Positive-Sum Relations with Russia in Central Asia
Are America and Russia adding up positive sums or punching it out along zero sum lines in Central Asia?
An example: after some dramatic haggling, in which it seemed like Russian border guards were about to leave Tajikistan, it was decided on June 4 that the Russians would stay at least until 2006. This ought to be a good thing for all parties - for Russia, for Tajikistan and for the United States, which also has an interest in security along the Tajik-Afghan border. Yet this could also be characterized as a turn by the Tajik government away from a budding American alignment, which had been expressed in earlier attempts to push Russia out. Likewise, a Russian analyst, Sergei Blagov, connected the earlier, anti-Russian moves to Tajik exploration of turning to a U.S. alignment (in "Are Plans for Tajikistan Unraveling?," Asia Times, May 6, 2004). It was the earlier anti-Russian moves that forced the game into a zero-sum mould. If that was America's game, it lost.
Another example: Uzbekistan has reinforced its relations with Russia, dealing the United States a blow in its moves to establish its bases and its influence in the region in place of Russia. This is not a quote from any single source. Rather, it is how the events of June 15-16 - a Russia-Uzbek pact and a Shanghai Cooperation Organization summit - have been interpreted in both the Russian and Western policy analysis communities. The interpretation has an element of truth: there is a new bilateral security pact that says, among other things, that neither nation "will allow a third state to use its territory in a way that can harm the sovereignty of the other." Russian fears shine through in this; but operationally it could dissolve into insignificance if the United States salves Russian fears. And most of the other elements in the enhanced Russian-Uzbek relationship are not zero-sum - not unless made so by the belief on both sides that it must be so. The planned joint anti-terrorism institute is a form of functional cooperation that the United States could consider making itself a part of.
America is going to lose too often in the zero-sum game and ought to stop playing it - or allowing itself to be played off against Russia by the local rulers, as may have happened in the Tajik incident. Given the natural strength of Russian influence in the region, it is simply not a sound game for America. Russia has too many cards to play - ethnic Central Asians in Moscow whose remittances help keep Central Asia afloat, ethnic Russians in Central Asia who are also essential to the local economy, Central Asian debts to Russia, etc.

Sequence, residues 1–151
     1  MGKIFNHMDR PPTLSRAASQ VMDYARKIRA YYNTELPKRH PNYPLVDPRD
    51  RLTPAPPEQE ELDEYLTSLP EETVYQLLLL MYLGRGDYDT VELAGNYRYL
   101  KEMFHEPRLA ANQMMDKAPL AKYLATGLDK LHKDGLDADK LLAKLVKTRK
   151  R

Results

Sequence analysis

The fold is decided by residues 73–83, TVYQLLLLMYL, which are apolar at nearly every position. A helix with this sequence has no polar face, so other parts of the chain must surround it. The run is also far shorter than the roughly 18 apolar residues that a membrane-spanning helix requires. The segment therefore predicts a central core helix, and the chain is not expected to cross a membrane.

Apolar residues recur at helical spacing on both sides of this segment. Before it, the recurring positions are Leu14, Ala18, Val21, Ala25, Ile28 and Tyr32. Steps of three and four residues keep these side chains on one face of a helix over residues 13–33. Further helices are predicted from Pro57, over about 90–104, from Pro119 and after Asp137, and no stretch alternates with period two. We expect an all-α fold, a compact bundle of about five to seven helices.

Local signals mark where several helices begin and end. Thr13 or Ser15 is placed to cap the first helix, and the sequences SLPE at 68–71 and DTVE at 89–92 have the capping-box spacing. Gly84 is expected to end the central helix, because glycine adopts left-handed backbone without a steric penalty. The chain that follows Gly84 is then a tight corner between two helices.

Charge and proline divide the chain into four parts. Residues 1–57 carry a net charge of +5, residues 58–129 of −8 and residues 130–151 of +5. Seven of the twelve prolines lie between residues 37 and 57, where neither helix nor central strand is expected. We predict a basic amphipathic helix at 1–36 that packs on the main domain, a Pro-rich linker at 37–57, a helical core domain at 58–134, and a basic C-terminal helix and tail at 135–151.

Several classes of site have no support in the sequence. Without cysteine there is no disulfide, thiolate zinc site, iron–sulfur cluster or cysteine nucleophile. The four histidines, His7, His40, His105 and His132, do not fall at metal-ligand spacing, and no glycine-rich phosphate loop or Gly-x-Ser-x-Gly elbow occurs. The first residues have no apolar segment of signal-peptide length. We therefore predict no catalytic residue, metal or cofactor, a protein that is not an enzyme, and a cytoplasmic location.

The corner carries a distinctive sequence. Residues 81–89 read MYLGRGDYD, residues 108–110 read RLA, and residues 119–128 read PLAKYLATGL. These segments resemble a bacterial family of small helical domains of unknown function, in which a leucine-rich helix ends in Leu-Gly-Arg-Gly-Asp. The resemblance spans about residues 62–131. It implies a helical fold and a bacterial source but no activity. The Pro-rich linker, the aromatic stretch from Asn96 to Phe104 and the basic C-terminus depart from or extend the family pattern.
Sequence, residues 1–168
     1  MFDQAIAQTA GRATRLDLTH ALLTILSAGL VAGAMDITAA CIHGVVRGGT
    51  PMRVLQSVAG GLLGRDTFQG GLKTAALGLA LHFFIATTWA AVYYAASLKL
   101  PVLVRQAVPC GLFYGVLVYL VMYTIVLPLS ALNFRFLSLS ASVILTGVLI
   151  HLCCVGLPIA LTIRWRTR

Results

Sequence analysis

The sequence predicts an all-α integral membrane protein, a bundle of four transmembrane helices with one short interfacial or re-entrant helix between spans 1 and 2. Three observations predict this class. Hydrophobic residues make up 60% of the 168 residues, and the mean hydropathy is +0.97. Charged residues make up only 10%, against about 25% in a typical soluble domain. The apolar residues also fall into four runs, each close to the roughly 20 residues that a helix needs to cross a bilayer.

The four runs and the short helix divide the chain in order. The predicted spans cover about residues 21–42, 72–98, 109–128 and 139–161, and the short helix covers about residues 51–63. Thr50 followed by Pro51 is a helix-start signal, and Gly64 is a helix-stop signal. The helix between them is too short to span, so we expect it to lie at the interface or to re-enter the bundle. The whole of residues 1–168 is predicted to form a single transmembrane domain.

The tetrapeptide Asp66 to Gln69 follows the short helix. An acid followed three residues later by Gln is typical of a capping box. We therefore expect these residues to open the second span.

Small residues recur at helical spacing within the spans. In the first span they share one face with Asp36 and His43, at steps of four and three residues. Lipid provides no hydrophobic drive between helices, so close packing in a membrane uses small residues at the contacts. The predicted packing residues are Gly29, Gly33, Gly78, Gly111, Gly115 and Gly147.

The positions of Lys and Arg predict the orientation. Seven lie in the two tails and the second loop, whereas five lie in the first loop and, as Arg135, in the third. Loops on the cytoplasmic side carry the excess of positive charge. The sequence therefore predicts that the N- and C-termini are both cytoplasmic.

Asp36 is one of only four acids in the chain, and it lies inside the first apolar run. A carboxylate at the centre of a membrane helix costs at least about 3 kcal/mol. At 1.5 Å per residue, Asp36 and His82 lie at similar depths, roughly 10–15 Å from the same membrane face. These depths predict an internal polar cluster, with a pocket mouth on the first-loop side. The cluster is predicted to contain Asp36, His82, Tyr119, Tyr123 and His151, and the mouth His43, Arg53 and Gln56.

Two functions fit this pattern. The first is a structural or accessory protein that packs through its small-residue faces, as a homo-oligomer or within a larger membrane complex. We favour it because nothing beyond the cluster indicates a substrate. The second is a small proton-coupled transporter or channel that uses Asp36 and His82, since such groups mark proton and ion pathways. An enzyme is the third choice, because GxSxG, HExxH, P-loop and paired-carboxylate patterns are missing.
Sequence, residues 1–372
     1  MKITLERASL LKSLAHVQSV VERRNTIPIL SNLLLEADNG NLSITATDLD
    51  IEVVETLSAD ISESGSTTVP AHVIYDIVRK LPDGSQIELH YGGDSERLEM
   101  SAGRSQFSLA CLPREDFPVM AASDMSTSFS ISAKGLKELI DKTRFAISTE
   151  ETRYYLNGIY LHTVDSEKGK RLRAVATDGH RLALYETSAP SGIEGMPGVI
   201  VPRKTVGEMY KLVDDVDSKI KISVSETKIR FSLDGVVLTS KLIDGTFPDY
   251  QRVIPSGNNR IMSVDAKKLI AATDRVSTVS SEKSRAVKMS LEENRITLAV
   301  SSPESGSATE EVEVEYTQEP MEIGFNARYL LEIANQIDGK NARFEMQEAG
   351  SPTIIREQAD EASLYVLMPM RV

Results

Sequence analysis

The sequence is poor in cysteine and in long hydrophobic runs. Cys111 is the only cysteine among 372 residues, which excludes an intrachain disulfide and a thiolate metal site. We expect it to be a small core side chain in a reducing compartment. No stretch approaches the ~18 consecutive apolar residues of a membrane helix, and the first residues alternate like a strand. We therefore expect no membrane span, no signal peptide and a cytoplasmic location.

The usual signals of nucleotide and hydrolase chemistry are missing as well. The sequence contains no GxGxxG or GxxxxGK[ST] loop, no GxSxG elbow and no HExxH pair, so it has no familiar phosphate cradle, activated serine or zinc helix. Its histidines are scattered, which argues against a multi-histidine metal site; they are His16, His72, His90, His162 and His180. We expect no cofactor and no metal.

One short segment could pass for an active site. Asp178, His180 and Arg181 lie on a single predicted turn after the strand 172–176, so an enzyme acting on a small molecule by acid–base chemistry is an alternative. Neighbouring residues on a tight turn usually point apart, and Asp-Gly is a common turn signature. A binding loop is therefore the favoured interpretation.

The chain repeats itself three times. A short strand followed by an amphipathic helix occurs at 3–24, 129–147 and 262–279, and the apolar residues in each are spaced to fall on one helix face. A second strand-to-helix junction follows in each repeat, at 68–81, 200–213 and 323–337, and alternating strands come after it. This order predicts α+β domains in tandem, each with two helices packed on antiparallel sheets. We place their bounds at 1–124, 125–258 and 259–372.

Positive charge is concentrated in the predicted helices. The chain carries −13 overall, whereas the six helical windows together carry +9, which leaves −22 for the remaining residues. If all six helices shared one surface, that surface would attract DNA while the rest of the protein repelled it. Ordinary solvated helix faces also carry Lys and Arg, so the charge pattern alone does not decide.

Yet month after month, the media - particularly the specialized media of the policy analysis community - report zero-sum moves. If they are Russian media, they report nasty moves by the United States and analyze how these are meant to thwart Russia's legitimate interests. If they are American media, they report ugly moves by Russia and analyze how these are meant to thwart America's beneficent influence in the region. Often they see the moves of both sides as zero-sum - yet they give all the blame to the other side for the zero-sum spirit, and proceed to prescribe (or predict, or praise) a zero-sum response on their own side.
With such "help" from their respective analysis communities, reinforced by Cold War habits, one might expect the two governments to follow completely zero-sum policies in the region. And to end up worse off for it.
Fortunately the reality has, instead, been mixed: some major moves of mutual support and joint policy, alongside some zero-sum moves and some in-between, symbiotic moves. This suggests that there has been new learning from experience, not yet filtered down into some entrenched subcultures; and that there could be a larger space for positive-sum outcomes out there waiting to be tapped, if it could only be explored and analyzed.
The policy analysis community has not been helping with this, neither in Moscow nor in Washington. Not most of the time, at least. But let me paint the scenery of a meeting last month where policy analysts did better.
It was a pleasant day at one of the inside-the-beltway think tanks in Washington. A seminar was being held on American and Russian roles in Central Asia. The speakers were competent, reasonable and intelligent. They quickly stumbled into the pit of zero sum logic. Nothing new here. Nevertheless, by the end of the day, the discussion turned itself around, worked its way out of the pit, and climbed up into the sunnier realm of positive sums.
How did it happen? In the early stages, audience questioners as well as panelists were mostly talking within zero-sum frameworks. It did not require a specific effort; it was a default mode for sophisticated analysis. Speakers would sometimes presuppose an inherent natural opposition of U.S. and Russian interests - that is, they would make an unstated zero-sum assumption from the U.S. side - and other times, somewhat contradictorily, would attribute Russian policies to an incorrigible zero-sum outlook in failing to appreciate the wonderful positive-sum approach of the Americans. They would busily develop, tit-for-tat, the implications of these assumptions, depicting mutually opposing past moves, and predicting and prescripting similar future moves. And while they would describe the negativity on both sides, somehow they would always dump the blame for the negativity on Russia.
However, one audience member, a former American diplomat in Moscow, intervened to observe that Russian officials, while deaf to all his protestations in the 1990s that U.S. moves in the region were not zero-sum, were not always mistaken in that deafness: some of the moves were indeed zero-sum. It was, he said, a "dialogue of the deaf," meaning that the deafness went both ways.